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Archive for July, 2009

In my last blog entry I had shown a WWS native client connecting to a WCF service. In this one I’ll talk about how the WCF service can be converted into an equivalent WWS service. Connecting clients (whether WWS, WCF, or other) would continue to behave the same. I am going to use the same c/h files that wsutil generated from the wsdl file. There is a function signature generated for us to match the service contract methods. In our case there’s just one – WSHttpBinding_IStringService_ReverseCallback. So the first thing is to add a method that matches this signature, and this will reverse a string just like the WCF service (except we write it in C or C++).

HRESULT CALLBACK Reverse(
	__in const WS_OPERATION_CONTEXT* context,
	__in WCHAR* s,
	__out  WCHAR** reverse,
	__in_opt const WS_ASYNC_CONTEXT* asyncContext,
	__in_opt WS_ERROR* error)
{
	WS_HEAP* heap = NULL;

	HRESULT hr = WsGetOperationContextProperty(
		context,
		WS_OPERATION_CONTEXT_PROPERTY_HEAP,
		&heap,
		sizeof(heap),
		error);

	if (FAILED(hr))
	{
		return hr;
	}

	hr = WsAlloc(
           heap,
           sizeof(WCHAR) * (wcslen(s) + 1),
           (void**)reverse,
           error);

	if (FAILED(hr))
	{
		return hr;
	}

	wcscpy(*reverse, s);
	wcsrev(*reverse);

	return ERROR_SUCCESS;
}

I first use WsGetOperationContextProperty to get the heap and then use WsAlloc to allocate memory for the reversed string on this heap. We do not ever allocate memory using standard memory allocation mechanisms unless it’s memory we will have the option to delete/free when we are done using it. Instead we use the WWS heap which frees us from worrying about memory leaks – the memory will be released when the heap is reset or freed.

Now let’s get to creating the service. Again, I will not show the error handling code (to save space) but every HRESULT return value must be checked for success before proceeding further. The first thing is to create the error and heap objects just as we did when writing the WWS client.

WS_ERROR* error = NULL;
HRESULT hr = WsCreateError( NULL, 0, &error);
if (FAILED(hr))
{
 // ...
}

WS_HEAP* heap = NULL;
hr = WsCreateHeap( 100000, 0, NULL, 0, &heap, error);
if (FAILED(hr))
{
 // ...
}

The next step is to create a service endpoint.

WSHttpBinding_IStringServiceFunctionTable functions = { Reverse };

WS_STRING url = WS_STRING_VALUE(L"http://localhost:8000/StringService");

WS_HTTP_BINDING_TEMPLATE templateValue = {};

WS_SERVICE_ENDPOINT* serviceEndpoint;
hr = WSHttpBinding_IStringService_CreateServiceEndpoint(&templateValue,
    &url, &functions, NULL, NULL, 0,
    heap, &serviceEndpoint, error);
if (FAILED(hr))
{
  // ...
}

Notice how we use the generated WSHttpBinding_IStringServiceFunctionTable to specify the list of functions (just one in our case). Now I use the proxy WSHttpBinding_IStringService_CreateServiceEndpoint to create the end point (and it internally calls WsCreateServiceEndpointFromTemplate). I have used default values for other arguments, but there is a lot of custom configuration that can be done. We’ll now create the service host:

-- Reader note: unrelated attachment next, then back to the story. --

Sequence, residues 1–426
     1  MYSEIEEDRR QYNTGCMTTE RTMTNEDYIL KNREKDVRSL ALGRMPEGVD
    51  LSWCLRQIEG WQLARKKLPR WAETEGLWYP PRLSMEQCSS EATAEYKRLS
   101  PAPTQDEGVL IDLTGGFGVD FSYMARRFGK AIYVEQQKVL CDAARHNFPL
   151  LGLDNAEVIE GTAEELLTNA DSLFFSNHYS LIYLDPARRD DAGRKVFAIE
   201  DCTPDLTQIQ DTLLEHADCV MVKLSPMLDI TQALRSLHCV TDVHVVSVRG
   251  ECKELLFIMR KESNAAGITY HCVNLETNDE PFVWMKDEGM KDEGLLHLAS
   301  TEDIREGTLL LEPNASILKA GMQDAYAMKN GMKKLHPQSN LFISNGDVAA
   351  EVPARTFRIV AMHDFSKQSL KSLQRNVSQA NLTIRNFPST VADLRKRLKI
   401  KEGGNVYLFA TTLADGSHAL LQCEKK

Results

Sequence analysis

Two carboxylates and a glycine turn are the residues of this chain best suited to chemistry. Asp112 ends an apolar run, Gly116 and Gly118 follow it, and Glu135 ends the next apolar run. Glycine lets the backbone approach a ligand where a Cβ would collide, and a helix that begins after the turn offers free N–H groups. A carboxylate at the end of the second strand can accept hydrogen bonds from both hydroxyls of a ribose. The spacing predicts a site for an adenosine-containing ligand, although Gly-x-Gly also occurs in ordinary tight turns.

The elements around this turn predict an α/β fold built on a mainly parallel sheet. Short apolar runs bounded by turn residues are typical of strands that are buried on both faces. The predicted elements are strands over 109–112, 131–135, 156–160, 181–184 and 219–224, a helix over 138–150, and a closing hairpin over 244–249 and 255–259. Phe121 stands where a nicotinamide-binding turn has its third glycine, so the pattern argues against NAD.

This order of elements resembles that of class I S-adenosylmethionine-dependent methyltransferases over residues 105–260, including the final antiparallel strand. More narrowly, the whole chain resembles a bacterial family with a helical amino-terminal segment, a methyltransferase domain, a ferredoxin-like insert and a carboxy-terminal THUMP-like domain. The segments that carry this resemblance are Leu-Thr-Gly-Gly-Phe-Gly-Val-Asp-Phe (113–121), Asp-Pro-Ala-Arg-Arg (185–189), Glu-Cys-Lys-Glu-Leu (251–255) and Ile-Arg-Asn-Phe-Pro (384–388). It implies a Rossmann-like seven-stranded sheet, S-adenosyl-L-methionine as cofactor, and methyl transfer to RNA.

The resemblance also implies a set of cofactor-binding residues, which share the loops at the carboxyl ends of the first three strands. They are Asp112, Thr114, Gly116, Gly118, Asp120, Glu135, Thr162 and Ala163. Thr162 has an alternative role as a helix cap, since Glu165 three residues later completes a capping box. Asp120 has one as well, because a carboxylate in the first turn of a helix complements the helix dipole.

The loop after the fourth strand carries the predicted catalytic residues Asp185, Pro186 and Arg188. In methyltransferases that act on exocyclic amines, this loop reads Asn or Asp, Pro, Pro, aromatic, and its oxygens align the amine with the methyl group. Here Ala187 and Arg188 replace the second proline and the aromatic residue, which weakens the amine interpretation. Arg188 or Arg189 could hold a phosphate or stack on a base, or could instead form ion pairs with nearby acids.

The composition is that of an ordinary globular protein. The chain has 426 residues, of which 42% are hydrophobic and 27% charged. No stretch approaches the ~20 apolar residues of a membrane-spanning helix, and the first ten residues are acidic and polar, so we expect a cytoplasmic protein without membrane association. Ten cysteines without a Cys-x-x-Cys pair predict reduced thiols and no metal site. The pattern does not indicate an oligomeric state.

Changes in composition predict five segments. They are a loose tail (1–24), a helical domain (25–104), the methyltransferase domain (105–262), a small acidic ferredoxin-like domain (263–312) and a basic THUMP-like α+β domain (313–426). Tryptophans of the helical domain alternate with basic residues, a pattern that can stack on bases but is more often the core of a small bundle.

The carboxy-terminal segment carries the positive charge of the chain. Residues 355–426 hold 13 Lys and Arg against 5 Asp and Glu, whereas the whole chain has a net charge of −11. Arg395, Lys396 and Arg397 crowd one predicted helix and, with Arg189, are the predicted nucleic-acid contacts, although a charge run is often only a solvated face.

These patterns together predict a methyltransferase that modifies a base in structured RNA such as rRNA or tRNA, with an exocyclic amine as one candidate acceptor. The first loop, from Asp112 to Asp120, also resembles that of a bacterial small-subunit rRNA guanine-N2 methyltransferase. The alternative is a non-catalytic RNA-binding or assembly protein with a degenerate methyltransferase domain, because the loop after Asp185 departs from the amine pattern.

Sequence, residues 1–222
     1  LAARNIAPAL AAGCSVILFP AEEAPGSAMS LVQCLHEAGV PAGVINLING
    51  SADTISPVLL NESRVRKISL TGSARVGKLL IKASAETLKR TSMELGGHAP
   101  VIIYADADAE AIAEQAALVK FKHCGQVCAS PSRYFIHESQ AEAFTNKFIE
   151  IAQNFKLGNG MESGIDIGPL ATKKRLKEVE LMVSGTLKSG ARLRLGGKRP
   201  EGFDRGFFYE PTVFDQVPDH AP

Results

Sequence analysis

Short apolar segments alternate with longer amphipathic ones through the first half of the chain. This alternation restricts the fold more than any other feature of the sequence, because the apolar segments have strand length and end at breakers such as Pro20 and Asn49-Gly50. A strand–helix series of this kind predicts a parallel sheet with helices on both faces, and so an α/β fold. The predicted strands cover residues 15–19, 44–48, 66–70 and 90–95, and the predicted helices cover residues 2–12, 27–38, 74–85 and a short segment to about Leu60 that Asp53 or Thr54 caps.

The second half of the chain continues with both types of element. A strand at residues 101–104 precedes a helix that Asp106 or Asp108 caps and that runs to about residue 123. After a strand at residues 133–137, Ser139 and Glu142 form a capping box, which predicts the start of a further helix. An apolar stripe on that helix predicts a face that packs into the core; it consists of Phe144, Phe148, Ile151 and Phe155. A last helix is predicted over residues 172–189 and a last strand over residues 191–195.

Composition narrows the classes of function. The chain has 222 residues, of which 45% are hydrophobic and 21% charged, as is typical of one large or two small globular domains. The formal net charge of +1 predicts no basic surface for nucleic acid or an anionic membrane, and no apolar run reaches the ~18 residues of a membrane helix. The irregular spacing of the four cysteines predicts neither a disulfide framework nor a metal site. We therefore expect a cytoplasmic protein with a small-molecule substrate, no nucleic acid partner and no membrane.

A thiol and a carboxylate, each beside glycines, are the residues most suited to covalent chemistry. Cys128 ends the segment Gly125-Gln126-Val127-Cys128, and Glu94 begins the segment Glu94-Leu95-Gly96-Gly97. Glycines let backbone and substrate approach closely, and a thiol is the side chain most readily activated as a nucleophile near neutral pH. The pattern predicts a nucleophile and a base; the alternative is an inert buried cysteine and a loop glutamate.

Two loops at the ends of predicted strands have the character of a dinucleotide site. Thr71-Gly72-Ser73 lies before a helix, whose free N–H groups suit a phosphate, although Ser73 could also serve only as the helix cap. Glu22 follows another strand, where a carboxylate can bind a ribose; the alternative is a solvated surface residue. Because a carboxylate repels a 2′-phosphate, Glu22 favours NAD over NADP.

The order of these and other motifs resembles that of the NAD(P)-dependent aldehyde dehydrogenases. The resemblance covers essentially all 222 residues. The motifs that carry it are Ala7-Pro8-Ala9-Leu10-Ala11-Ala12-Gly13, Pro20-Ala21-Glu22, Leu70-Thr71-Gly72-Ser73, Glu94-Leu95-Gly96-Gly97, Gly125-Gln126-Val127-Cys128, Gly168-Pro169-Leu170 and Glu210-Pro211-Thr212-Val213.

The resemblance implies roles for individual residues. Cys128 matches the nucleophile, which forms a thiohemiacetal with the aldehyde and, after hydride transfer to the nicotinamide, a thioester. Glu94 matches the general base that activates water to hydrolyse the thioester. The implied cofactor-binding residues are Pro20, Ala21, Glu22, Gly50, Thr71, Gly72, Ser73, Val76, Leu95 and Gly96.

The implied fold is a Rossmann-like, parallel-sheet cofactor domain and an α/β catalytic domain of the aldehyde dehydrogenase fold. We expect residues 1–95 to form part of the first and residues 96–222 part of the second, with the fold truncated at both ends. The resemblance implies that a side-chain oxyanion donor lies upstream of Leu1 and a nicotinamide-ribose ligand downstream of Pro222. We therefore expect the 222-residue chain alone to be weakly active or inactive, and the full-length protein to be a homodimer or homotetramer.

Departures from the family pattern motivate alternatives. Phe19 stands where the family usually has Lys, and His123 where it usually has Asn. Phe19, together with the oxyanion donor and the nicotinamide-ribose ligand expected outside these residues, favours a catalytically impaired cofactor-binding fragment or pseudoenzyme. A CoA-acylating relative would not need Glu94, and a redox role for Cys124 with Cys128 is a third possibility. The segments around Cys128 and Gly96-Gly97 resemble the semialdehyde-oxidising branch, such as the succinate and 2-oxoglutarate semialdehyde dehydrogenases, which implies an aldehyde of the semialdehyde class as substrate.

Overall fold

WS_SERVICE_HOST* host;
const WS_SERVICE_ENDPOINT* serviceEndpoints[1];
serviceEndpoints[0]= serviceEndpoint;
hr = WsCreateServiceHost( serviceEndpoints, 1,
    NULL, 0,  &host, error);
if (FAILED(hr))
{
}

We only have one endpoint, but the service host can host multiple endpoints. While I have called WsCreateServiceHost with default arguments (basically passing NULL) it’s possible to set various service properties at this point. The last step is to open the service host.

hr = WsOpenServiceHost(host, NULL, error);

The above code will open the service and start listening on each of the endpoints (just one in our example). For a test console app, use a _getch() so the app won’t exit. Once the app’s done, close and free the service host :

WsCloseServiceHost(host, NULL, error);
WsFreeServiceHost(host);

And also free the heap/error objects :

if (heap)
{
  WsFreeHeap(heap);
}

if (error)
{
  WsFreeError(error);
}

You can now run the service and the WWS client from the last blog entry will connect to it and invoke the reverse function successfully. You can even write a simple WCF client and it’ll connect to this just as if this was a WCF service. I do agree that all these proxies, having to create/free structures, handling HRESULTs etc. may seem a tad foreign if you are coming from a pure C# or VB.NET world. But if you are not put off by C++, and keeping your service or client code native is important to you, then WWS sure seems to be a great way to do it. I do intend to research into WWS a little more in detail, so expect more blog entries and an article or two on the topic in future.

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I have been meaning to play with Windows Web Services ever since I heard Nikola Dudar talk about it at the MVP Summit earlier this year. It’s natively included with Windows 7, but can also be installed and used from older OSes (XP, Vista, 2003 and 2008). You can write native clients using WWS that can connect to a WCF service, and similarly you can write a WWS native service that can be consumed by a WCF client. It’s so compatible that you can replace either a WCF client or a WCF service with a WWS equivalent without the other party being aware of it.

One of the first things I did was write a very simple WCF service and then connected to it using a simple WWS client. I intend to write a detailed article on that in the next few days but I’ll go through the basic steps in this blog so I can use that as some basic raw material for my article.

The first thing I did was to create a very simple WCF service. Here’s the service interface :

    [ServiceContract]
    interface IStringService
    {
        [OperationContract]
        string Reverse(string s);
    }

    class MyStringService : IStringService
    {
        public string Reverse(string s)
        {
            return new string(s.Reverse().ToArray());
        }
    }

Here’s some slightly stripped out code that shows how the service is created and run.

WSHttpBinding binding = new WSHttpBinding();

// .. set properties on binding

Uri baseAddress = new Uri("http://localhost:8000/StringService");

using (ServiceHost serviceHost = new ServiceHost(